Unusual domestic violence case raising eyebrows in Charlotte

Unusual domestic violence case raising eyebrows in Charlotte

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by GLENN COUNTS / NewsChannel 36 Staff

Bio | Email | Follow: @GCountsWCNC

WCNC.com

Posted on March 22, 2012 at 7:07 PM

Updated Thursday, Mar 22 at 8:22 PM

CHARLOTTE, N.C. -- An unusual case of domestic violence is raising eyebrows in the Mecklenburg County court system. It involves Bobby Williams, a 20-year veteran Charlotte-Mecklenburg police officer and Wendy Daniel, his ex-girlfriend, who worked in communications.

The couple met back in high school, broke up and got back together 20 years later.

"The relationship was good.  We definitely had our very bad situations.  It was on again, off again," said Officer Williams.

The relationship came to an end last year when Daniel allegedly kicked in Williams’ front door shortly after he broke up with her.

"The door frame had been kicked off.  The door is wide open and at that point I was like it's gone too far," said the officer.

Shortly after that Daniel lost her job in communications. Williams says in response she put him through hell filing abuse charges in Brunswick and Catawba counties. Those charges were ultimately thrown out.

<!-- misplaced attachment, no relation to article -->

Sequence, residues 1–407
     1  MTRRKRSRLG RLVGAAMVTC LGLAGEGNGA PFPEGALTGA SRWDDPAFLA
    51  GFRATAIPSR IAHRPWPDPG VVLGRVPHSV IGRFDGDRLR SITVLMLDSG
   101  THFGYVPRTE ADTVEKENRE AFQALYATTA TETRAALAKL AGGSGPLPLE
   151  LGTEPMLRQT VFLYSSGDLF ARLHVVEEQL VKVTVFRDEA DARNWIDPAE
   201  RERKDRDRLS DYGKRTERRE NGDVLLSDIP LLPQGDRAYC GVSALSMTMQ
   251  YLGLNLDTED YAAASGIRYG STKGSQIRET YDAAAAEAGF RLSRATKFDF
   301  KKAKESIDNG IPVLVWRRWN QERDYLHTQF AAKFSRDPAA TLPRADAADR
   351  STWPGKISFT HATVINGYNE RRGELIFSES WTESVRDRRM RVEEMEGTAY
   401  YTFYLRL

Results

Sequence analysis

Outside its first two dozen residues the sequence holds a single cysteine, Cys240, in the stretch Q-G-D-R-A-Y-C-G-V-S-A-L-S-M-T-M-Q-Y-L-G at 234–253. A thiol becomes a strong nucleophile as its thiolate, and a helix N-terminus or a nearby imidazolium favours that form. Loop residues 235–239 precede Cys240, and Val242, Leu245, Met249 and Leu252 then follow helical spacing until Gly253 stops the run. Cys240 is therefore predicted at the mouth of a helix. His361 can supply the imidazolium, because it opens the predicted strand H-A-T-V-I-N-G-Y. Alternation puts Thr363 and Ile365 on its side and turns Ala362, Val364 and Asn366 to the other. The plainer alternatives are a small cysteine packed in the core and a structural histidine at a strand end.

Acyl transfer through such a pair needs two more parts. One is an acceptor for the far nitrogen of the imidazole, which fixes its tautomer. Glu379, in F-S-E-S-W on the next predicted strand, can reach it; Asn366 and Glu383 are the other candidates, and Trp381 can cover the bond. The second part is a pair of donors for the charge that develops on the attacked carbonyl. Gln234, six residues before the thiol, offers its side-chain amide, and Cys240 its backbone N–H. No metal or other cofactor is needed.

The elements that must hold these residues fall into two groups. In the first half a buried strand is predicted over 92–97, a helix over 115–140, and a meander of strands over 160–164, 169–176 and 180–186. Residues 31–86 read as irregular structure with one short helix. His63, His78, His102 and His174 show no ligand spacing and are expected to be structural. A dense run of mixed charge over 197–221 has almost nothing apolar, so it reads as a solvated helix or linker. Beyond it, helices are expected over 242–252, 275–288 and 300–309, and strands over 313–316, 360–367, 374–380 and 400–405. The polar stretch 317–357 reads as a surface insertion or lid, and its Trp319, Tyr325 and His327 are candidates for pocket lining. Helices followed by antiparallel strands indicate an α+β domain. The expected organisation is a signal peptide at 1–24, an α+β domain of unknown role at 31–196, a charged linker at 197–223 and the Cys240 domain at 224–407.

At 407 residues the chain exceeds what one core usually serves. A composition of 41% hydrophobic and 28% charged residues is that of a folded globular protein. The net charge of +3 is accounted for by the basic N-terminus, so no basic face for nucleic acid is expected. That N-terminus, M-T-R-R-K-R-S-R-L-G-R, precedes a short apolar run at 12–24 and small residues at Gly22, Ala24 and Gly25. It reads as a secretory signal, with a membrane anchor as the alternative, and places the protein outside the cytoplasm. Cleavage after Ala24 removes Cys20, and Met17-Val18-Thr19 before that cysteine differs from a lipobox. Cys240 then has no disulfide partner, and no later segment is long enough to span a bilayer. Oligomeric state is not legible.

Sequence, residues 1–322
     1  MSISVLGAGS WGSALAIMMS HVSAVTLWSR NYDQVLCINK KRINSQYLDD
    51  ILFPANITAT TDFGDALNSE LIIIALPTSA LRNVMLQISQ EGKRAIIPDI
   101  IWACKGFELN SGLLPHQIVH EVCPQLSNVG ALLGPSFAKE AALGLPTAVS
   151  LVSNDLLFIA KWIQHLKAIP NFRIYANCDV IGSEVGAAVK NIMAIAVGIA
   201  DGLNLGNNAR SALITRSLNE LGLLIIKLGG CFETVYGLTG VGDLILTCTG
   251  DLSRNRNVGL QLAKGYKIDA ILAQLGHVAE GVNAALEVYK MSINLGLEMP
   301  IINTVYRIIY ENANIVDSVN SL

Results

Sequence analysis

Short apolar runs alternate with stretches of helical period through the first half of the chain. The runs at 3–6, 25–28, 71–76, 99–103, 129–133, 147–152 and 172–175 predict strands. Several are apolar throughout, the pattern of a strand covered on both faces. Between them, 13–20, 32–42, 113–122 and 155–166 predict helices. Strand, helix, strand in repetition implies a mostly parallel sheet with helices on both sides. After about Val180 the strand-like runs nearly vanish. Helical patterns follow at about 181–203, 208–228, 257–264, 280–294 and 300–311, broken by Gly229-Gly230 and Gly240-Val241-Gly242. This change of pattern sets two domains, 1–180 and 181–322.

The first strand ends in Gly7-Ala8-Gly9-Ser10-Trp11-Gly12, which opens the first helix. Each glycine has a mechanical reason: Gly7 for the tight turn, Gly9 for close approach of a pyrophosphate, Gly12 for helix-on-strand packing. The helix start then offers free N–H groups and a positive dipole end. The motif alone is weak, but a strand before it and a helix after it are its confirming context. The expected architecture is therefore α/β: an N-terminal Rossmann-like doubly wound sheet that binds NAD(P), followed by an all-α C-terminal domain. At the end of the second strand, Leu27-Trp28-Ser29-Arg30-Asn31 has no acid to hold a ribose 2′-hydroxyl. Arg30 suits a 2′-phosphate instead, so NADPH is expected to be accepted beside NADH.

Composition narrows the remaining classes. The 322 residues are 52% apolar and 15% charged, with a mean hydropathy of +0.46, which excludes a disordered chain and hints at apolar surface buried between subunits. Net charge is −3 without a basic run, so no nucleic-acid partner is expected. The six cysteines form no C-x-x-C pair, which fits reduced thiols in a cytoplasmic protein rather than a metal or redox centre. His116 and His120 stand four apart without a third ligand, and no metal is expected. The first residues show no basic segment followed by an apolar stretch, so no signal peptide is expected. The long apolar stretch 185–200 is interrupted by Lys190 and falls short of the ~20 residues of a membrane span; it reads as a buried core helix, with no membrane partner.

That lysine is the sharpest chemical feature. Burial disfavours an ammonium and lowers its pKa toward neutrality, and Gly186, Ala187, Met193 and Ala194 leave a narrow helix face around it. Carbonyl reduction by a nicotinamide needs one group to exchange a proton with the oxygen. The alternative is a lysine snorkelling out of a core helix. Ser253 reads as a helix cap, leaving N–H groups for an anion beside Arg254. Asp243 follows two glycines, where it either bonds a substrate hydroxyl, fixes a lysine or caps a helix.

"Other than the actual cost itself, I'm losing time off from work because I have to take vacation time for it.  I’m losing off-duty money."

The officer got a protective order against Daniel and counted on the District Attorney’s office to take the case to court.

"The head DA...was going to come and actually try this case for me so it didn't get messed up," Williams added.

But that’s not what happened.  Daniel, a former 911 operator, was given deferred prosecution.

“Deferred prosecution holds them accountable,” said District Attorney Andrew Murray.  “They have to write an admission of guilt, they have to go through certain steps over the next two years."

But it also means that at the end of those two years she could get a clean record. Williams doesn’t see that as justice because of all he’s been put through.

"It (the deferred prosecution) may have been something under the table, because her attorney was an Assistant District Attorney for the City of Charlotte," said Williams.

But Murray strongly disagrees with the favorable treatment claim.

"That's ludicrous.  If you look around there are probably 100 that used to work in this office of attorneys.  We do our jobs based on the facts.”

Williams hopes that deferred prosecution will be enough to discourage Daniel for any more rash acts.

"I know I can protect myself.  In the same respect I don’t want to do what I need to do to somebody that I know," said the officer.

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